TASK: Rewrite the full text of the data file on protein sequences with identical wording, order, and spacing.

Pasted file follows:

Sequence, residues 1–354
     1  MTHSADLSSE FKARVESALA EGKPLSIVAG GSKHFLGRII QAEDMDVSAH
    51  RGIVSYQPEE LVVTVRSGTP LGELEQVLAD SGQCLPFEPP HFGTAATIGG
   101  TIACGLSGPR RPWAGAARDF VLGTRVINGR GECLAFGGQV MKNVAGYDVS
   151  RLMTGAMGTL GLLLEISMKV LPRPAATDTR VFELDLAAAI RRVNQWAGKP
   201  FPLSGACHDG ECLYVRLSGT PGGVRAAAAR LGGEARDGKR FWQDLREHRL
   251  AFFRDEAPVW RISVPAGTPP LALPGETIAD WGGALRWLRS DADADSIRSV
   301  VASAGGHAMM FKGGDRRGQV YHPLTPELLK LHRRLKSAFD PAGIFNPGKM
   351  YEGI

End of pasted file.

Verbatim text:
Sequence, residues 1–354
     1  MTHSADLSSE FKARVESALA EGKPLSIVAG GSKHFLGRII QAEDMDVSAH
    51  RGIVSYQPEE LVVTVRSGTP LGELEQVLAD SGQCLPFEPP HFGTAATIGG
   101  TIACGLSGPR RPWAGAARDF VLGTRVINGR GECLAFGGQV MKNVAGYDVS
   151  RLMTGAMGTL GLLLEISMKV LPRPAATDTR VFELDLAAAI RRVNQWAGKP
   201  FPLSGACHDG ECLYVRLSGT PGGVRAAAAR LGGEARDGKR FWQDLREHRL
   251  AFFRDEAPVW RISVPAGTPP LALPGETIAD WGGALRWLRS DADADSIRSV
   301  VASAGGHAMM FKGGDRRGQV YHPLTPELLK LHRRLKSAFD PAGIFNPGKM
   351  YEGI